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Wednesday, 20 February 2013

John Vachon: Peligro (Puerto Rico, February 1973)


A village street, Ponce

Song 3
There was still no central heating
in the tenements
We thought that the cold was
the oldest thing on the planet earth
We used to think about my Uncle Listo
Who never left his hometown
We’d picture him sitting around
cooling himself with a fan
In that imaginary place
called Puerto Rico.
Victor Hernández Cruz (b. 1949, Aguas Buenas, Puerto Rico): Song 3, from Three Songs from the 50s

Mountain farm, Ponce

Mountain area, Ponce, Puerto Rico

A mountain farmhouse

Father and son fill their containers at the community water pump, mountain farming area, Ponce

Wild flowers, mountain area

Sugar cane field and refinery, Ponce

Petrochemical plant in coastal area, Ponce

Oil refinery in the sunset, Ponce

Oil pipeline on the beach

Sign on bridge near PPG plant protesting air pollution, Ponce

Luquillo Beach condominium, San Juan

On the coast

Bayamón housing development, San Juan

5 P.M. traffic on Route 2 in Bayamón

Bayamón housing development, San Juan

Atlantic Beach, Arecibo

Garbage-strewn Atlantic beach, Arecibo

Caribbean coastline, Santa Isabel, Guayama

Caribbean harbor outside Salinas, Guayama

Industrial area, San Juan

Industrial area, San Juan

Luquillo Beach, San Juan

Luquillo Beach, San Juan

Luquillo Beach, San Juan

Luquillo Beach, San Juan

Boat launching from Luquillo Beach, San Juan

Mayagüez-Aguadilla, Puerto Rico

Fishing from the dock at Playa de Playuela, Mayagüez

Burning garbage at an open dump on Highway 112 north of San Sebastian, Mayagüez

Burning garbage at an open dump on Highway 112 north of San Sebastian, Mayagüez

Burning garbage at an open dump on Highway 112

Abandoned car under a palm tree at Rincon, Mayagüez

Sugar cane and refinery near Mayagüez

Sugar refinery, Mayagüez

Sugar refinery. Trucks bring in freshly cut cane, Mayagüez

Sugar refinery and drainage ditch

Guaynabo River south of San Juan

Road near San Juan

A farmer clears his land with a machete

Abandoned car off highway in Rio Grande

Abandoned autos, near San Juan

New apartment buildings, San Juan

New apartment buildings, San Juan

High rise apartments on southern outskirt of the city, San Juan


Father and son fishing on Isla de Cabras, San Juan

Smoking chimneys of a cement plant in industrial area of San Juan

Palo Seco electric power plant across the bay from San Juan


Catano industrial area, across the bay from Old San Juan


Palo Seco electric power plant in the background, San Juan


Reservoir dam under construction, south of the city, San Juan

New toll road under construction between San Juan and Ponce; this section at Cayey

Aerial view of body of polluted water, Puerto Rico

Aerial view of body of polluted water, Puerto Rico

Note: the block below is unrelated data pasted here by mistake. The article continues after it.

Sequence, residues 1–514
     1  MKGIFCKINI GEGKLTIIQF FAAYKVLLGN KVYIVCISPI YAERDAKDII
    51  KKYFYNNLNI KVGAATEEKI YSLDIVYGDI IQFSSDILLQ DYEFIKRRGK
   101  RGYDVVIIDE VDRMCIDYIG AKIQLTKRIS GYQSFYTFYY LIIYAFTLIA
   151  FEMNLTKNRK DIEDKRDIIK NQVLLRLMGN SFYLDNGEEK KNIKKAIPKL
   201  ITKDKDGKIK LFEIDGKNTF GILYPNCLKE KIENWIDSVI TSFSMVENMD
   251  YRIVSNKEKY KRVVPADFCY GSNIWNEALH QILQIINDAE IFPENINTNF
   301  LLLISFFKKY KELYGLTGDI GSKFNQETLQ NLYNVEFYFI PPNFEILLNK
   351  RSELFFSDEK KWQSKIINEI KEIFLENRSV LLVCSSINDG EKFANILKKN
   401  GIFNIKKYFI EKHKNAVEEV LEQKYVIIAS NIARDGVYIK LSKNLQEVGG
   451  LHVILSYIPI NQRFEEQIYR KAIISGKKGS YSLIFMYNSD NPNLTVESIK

Photos by John Vachon (1914-1975), February 1973, for the Environmental Protection Agency's Documerica project (US National Archives)


edward ainsworth said...

mucho gracious for this. it tricked and triggered a memory when my father would go down to puerto rico in the winter to work on his corn. i recall he couldn't find any food he liked. now isn't that trouble in paradise?

Nora said...

My eyes at first refused to make sense of those new apartment buildings. They seem so thin and hollow from a distance.



Yes, "that imaginary place called Puerto Rico" -- comes alive in JV's beautiful Kodachrome glimpses. . .


light coming into sky above still black
plane of ridge, red-tailed hawk calling
in foreground, sound of wave in channel

yellowish tinged with black,
orange with blue hand

so that, thus brought forth
in this, then must be

grey of rain cloud against top of ridge,
drops splashing into grey green channel

Hazen said...

Thanks, Tom, for researching and putting up this later Vachon. He still had the eye, right up to the last.

One of my fondest memories is of La Parguera, a tiny, remote fishing village (back then, anyway, mid Sixties) on the south coast. There was a motel with a dining room and bar built out over the water, where you could sit at night and eat red snapper and watch the shimmering, phosphorescent sea. ¡Bello y asombroso! Otro Borinquen.

Wooden Boy said...

Poverty and all those lures for tourists - always a troubling mixture. Vachon misses nothing here.

TC said...

A history of the oppression and exploitation brought to the New World by Europeans would have no better paradigm than the story of this island, from the time Columbus found it and called it "a rich port" and nearly four centuries of slavery began, down through its acquisition by the US as a vast sugarcane plantation and, following the Great Depression, the implementation of a late New Deal plan called Operation Bootstrap, which created the new industries -- petrochemicals, then later pharmaceuticals, and always of course tourism -- with the attendant developments of a new middle class, awful environmental pollution, and the continuing impoverishment of the large majority of the island's people.

John Vachon was a great photographer, standing out from many other fine photographers by virtue of his unique understanding of the complex interrelations between people and the places in which they live and work.

Visiting at a critical point of transition from the old agricultural economy to the new industrial/tourist economy, he saw right through those "thin and hollow" high-rises, the latest stage sets of a grand historical deception in many acts.

vazambam (Vassilis Zambaras) said...

Peligro yes but despite the dangers, some natives will always be more than willing to tap into and exploit a more musical, lucrative vein.